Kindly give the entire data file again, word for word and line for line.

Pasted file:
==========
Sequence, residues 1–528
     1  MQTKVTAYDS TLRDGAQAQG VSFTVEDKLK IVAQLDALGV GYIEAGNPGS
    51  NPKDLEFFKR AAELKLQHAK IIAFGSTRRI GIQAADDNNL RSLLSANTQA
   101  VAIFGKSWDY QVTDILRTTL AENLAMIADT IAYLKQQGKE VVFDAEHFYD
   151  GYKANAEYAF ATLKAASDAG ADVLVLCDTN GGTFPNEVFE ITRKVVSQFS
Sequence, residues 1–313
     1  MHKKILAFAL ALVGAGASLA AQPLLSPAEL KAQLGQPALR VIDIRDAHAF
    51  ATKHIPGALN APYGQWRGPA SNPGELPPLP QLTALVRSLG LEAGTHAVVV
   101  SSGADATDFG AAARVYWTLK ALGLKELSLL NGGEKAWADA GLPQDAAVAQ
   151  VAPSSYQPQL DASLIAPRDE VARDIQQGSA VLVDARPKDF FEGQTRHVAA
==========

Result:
Sequence, residues 1–528
     1  MQTKVTAYDS TLRDGAQAQG VSFTVEDKLK IVAQLDALGV GYIEAGNPGS
    51  NPKDLEFFKR AAELKLQHAK IIAFGSTRRI GIQAADDNNL RSLLSANTQA
   101  VAIFGKSWDY QVTDILRTTL AENLAMIADT IAYLKQQGKE VVFDAEHFYD
   151  GYKANAEYAF ATLKAASDAG ADVLVLCDTN GGTFPNEVFE ITRKVVSQFS
Sequence, residues 1–313
     1  MHKKILAFAL ALVGAGASLA AQPLLSPAEL KAQLGQPALR VIDIRDAHAF
    51  ATKHIPGALN APYGQWRGPA SNPGELPPLP QLTALVRSLG LEAGTHAVVV
   101  SSGADATDFG AAARVYWTLK ALGLKELSLL NGGEKAWADA GLPQDAAVAQ
   151  VAPSSYQPQL DASLIAPRDE VARDIQQGSA VLVDARPKDF FEGQTRHVAA